Regina v Broadmoor Special Hospital Authority and Secretary of State for Department of Health ex parte S, H and D (2): CA 5 Feb 1998

Persons detained under Mental Health Acts could be subject to random non-consensual searches even if this went against medical opinion. The power to seclude a patient within the hospital is implied from the power to detain as a ‘necessary ingredient flowing from a power of detention for treatment.’
Auld LJ
Gazette 26-Feb-1998, Times 17-Feb-1998, [1998] EWCA Civ 160
Mental Health Act 1983
England and Wales
Citing:
Appeal fromRegina v Broadmoor Special Hospital Authority and Secretary of State for Health ex parte ‘S’, ‘H’, ‘D’, ‘L’ Admn 15-Oct-1997
A hospital admitting a patient under the Mental Health Act has the power to search the patient. Each hospital’s policy, however, remains individually assessable for Wednesbury unreasonableness. . .

Cited by:
CitedMunjaz v Mersey Care National Health Service Trust And the Secretary of State for Health, the National Association for Mental Health (Mind) Respondent interested; CA 16-Jul-2003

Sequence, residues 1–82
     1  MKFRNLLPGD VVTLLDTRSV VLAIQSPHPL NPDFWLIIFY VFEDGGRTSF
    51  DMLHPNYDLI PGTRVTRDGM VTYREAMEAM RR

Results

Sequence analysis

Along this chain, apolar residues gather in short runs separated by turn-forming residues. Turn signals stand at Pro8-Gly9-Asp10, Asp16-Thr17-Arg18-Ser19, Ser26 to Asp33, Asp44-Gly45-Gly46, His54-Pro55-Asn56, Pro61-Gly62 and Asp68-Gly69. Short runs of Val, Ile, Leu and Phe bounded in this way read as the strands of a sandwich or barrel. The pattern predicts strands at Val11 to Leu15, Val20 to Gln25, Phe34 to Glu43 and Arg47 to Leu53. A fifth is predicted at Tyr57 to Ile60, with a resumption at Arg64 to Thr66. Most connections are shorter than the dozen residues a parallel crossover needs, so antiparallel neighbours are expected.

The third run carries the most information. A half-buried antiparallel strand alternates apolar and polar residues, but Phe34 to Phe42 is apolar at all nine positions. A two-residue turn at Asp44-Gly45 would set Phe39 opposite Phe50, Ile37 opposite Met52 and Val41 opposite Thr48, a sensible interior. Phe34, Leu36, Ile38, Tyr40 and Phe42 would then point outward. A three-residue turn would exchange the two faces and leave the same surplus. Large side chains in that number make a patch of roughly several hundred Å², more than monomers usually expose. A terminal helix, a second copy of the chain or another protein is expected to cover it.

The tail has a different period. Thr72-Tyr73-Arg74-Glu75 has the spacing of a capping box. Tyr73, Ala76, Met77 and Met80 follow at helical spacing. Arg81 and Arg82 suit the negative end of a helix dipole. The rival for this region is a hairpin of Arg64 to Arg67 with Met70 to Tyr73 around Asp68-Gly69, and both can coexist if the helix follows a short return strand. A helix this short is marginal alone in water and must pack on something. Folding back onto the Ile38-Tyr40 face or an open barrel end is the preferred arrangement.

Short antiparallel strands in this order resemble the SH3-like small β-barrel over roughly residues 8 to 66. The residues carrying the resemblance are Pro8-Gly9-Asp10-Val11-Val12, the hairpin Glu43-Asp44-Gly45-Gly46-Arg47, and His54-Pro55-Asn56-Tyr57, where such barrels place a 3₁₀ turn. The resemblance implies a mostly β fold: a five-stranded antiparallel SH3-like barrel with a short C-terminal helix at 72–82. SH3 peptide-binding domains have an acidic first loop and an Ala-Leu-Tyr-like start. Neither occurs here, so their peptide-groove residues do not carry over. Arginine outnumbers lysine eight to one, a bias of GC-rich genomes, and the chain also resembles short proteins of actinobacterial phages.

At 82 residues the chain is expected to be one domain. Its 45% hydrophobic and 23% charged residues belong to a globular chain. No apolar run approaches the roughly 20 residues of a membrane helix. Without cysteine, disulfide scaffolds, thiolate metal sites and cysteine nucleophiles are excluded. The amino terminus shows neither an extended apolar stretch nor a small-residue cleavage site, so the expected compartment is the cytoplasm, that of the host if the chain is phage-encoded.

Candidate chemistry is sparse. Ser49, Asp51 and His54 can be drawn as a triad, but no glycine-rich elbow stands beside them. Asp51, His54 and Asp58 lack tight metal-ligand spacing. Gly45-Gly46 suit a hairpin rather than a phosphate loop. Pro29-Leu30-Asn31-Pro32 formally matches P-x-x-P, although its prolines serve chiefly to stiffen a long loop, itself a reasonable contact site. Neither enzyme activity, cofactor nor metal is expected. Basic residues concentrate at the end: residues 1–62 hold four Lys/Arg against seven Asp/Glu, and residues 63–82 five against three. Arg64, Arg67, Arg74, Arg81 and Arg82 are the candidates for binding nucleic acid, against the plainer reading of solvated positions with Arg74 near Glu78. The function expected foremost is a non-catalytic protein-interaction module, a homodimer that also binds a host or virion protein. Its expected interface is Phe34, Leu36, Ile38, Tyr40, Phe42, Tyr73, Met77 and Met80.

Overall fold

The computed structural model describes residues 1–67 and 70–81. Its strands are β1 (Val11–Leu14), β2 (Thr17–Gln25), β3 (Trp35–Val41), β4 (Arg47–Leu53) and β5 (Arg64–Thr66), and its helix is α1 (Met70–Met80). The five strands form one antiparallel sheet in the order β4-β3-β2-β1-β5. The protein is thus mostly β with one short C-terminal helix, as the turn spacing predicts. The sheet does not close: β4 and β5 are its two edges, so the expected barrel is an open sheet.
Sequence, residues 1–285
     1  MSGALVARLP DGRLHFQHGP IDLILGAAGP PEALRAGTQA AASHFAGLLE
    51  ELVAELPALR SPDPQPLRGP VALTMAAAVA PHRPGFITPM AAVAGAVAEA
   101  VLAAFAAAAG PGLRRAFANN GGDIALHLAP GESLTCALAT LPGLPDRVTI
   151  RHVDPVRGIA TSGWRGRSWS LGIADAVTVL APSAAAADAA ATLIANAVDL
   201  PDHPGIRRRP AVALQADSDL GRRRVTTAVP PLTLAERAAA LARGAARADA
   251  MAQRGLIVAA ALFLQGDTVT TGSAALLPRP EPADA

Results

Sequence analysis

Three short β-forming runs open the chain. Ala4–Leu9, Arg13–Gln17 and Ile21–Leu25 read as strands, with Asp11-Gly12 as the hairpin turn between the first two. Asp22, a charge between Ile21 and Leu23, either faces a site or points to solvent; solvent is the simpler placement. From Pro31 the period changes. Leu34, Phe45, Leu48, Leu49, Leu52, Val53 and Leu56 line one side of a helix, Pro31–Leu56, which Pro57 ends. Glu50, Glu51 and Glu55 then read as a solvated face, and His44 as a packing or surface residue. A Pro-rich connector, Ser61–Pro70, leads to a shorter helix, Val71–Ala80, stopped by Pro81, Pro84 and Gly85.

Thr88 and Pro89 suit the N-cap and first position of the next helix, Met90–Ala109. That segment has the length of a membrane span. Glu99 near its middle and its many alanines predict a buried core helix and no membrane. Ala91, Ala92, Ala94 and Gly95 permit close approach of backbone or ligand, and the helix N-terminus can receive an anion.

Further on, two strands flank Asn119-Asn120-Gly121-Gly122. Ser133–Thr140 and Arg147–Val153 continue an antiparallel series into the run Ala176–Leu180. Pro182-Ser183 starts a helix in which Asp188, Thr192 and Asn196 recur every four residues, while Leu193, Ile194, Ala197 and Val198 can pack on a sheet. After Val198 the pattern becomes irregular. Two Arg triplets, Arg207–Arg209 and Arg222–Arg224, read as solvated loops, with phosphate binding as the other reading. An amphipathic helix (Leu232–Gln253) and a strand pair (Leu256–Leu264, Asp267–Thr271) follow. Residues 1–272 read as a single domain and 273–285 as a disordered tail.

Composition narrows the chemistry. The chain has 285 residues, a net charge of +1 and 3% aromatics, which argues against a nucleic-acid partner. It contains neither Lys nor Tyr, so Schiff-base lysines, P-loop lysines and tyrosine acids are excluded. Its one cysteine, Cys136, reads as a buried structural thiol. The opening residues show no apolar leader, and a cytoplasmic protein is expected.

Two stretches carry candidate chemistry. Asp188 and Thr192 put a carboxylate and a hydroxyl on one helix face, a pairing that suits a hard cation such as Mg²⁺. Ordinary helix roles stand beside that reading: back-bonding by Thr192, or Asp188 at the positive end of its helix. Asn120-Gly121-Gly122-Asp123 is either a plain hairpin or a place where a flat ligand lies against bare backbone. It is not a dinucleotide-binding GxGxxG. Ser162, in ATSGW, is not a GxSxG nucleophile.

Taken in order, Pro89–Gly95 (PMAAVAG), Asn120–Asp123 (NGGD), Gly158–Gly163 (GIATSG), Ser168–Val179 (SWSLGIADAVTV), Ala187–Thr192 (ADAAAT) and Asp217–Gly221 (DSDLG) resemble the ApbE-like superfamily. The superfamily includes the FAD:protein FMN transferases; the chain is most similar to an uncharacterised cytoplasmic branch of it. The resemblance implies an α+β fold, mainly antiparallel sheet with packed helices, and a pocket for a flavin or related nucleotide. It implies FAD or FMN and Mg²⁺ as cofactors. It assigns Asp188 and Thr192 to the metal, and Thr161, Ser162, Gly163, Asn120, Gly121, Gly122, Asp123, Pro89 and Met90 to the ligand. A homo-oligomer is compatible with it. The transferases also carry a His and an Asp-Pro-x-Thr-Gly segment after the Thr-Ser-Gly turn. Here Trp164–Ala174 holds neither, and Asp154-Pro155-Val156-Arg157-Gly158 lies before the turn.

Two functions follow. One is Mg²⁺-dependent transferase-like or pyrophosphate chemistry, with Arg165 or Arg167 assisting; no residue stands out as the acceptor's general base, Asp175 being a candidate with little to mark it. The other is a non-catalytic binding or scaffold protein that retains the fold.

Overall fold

The claimant was a mental patient under compulsory detention, and complained that he had been subjected to periods of seclusion.
Held: The appeal succeeded. The hospital had failed to follow the appropriate Code of Practice. The Code was not . .
CitedRegina v Ashworth Hospital Authority (Now Mersey Care National Health Service Trust) ex parte Munjaz HL 13-Oct-2005
The claimant was detained in a secure Mental Hospital. He complained at the seclusions policy applied by the hospital, saying that it departed from the Guidance issued for such policies by the Secretary of State under the Act.
Held: The House . .

These lists may be incomplete.
Updated: 01 May 2021; Ref: scu.143638